A Balance of Power
The state of Florida is a state that issues more tickets than just about any other. There was a time when the state’s revenue was sufficient to cover the cost of its bills and still come up with a balanced budget. Now, however, just mention the word “tax” in any given political situation and it is as though you have uttered a vulgar word. Unfortunately, in doing away with a sales tax and lowering other taxes for the wealthy, our legislature has continued to find ways to wring money out of socio-economic groups who can ill-afford it. The rising cost of living for simple things such as water or sewer bills is one method of doing so. If you take even a passing glance at our politicians and their lifestyles, you will realize why local and state governments push so hard to implement laws to extract money from generally law-abiding citizens through issuance of traffic tickets. Very few of us can afford private schools and some of the other benefits that the wealthy enjoy, yet these are the privileged few who seem to get the most tax breaks.
I refer to the monies raised from the increasing number of traffic tickets in South Florida as the “ticket tax.” Traffic ticket fines go to the city or county, depending where you are issued the ticket. Although some people don’t want to acknowledge that they are being “taxed” in this manner, least of all your local politicians, that’s what it amounts to. The average person will get a traffic ticket every other year usually resulting in a fine greater than $100, and often hundreds of dollars. In Palm Beach County alone the average traffic ticket is about $250. Can you imagine? When you consider the mean income of Palm Beach County residents, that’s an increase in their cost of living of about half of a percent.
The dichotomy that exists among the residents of Palm Beach County is vast. Of course, the upper echelon of the socio-economic group (yeah, the rich) can afford to just pay their traffic tickets and suffer the financial ramifications of doing so. For the rest of us the penalties associated with a traffic ticket can be quite a hardship. That is why I continually say, “DON’T EVER JUST PAY A TRAFFIC TICKET.” Over the years, I have gotten about 20 traffic tickets. Now that is a bit higher than the average, but that is one of the reasons that I chose to become a traffic ticket attorney. I know from personal experience how traffic tickets can effect your life, and I wanted to help those who can’t afford to bear the burden of a traffic ticket.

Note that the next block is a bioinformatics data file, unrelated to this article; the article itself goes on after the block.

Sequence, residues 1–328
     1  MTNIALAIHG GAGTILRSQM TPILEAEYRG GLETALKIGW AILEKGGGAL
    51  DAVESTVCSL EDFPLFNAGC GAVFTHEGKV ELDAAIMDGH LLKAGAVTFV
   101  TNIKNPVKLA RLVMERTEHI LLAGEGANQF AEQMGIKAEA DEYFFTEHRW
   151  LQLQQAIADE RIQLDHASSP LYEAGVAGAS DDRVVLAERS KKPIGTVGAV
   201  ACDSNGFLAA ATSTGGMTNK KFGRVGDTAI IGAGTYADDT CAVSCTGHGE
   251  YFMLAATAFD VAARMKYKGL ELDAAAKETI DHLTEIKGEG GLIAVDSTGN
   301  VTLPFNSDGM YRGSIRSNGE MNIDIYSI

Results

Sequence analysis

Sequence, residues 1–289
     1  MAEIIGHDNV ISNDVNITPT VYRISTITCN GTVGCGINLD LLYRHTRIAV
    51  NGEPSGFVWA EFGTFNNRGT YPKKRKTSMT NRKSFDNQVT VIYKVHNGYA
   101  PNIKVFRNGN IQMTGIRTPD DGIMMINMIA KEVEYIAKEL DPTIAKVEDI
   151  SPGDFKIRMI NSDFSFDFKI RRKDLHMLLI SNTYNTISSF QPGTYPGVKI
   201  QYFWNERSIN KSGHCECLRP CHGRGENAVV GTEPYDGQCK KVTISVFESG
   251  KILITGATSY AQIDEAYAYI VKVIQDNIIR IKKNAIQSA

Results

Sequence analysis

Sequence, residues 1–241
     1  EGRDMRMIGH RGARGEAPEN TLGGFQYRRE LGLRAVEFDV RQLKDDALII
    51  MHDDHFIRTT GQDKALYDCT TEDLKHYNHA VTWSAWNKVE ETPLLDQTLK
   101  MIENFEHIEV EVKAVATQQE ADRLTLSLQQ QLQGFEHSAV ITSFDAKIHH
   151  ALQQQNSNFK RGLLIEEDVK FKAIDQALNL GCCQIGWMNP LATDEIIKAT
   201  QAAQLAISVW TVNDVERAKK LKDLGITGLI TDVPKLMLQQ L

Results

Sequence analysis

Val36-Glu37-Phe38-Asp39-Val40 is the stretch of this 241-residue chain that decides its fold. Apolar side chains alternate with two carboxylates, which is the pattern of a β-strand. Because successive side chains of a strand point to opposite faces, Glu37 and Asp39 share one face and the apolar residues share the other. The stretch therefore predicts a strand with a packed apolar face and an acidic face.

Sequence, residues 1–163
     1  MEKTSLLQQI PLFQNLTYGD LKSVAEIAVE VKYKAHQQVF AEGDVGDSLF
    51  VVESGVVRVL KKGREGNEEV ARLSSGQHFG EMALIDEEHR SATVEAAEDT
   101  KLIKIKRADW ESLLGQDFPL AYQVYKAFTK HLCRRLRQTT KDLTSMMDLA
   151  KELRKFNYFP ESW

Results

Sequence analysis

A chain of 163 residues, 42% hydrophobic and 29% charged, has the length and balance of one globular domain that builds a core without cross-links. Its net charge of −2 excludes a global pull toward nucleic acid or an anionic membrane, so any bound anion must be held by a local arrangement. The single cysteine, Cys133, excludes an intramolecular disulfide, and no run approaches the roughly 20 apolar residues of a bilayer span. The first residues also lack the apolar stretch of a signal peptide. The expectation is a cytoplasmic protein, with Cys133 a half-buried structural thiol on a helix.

A Matter of Conscience
I have my resume posted on our website. This isn’t because I want to present myself as some high-browed attorney. Yes, I have worked for large firms and achieved a good deal of success in doing so, but it occurred to me that I was not suited to defending large corporations. I wanted to be able to help people on the fringes of society who had legal issues, so I became a public defender. After a few years, I started the Traffic Ticket Team. I did so in order to help the average person because I felt that this was who was being targeted by traffic cops to help fill quotas. I was also disturbed by how contemptuously judges and cops often treat people for a simple traffic ticket.
That was 15 years ago and so far, we have defended over a million people. For just $69, we save our clients hundreds of dollars in fines, insurance rate increases, life insurance increases, and so on. For about half of our clients, we get the charges dismissed completely, and nearly all of our other clients pay lower fines and have no points assessed against their license. Now, $69 is not a lot of money to defend someone in court, but the gratitude that I get from my clients is what motivates me. The thank you notes, emails, and occasional pie or cake that I receive just reaffirm that I made the right decision in changing my career path.
I hope that neither you, your friends, nor you family ever need my assistance, but if you do, give me a call for a free consultation at 954-967-9888. I will gladly help you avoid the pitfalls of the “ticket tax.”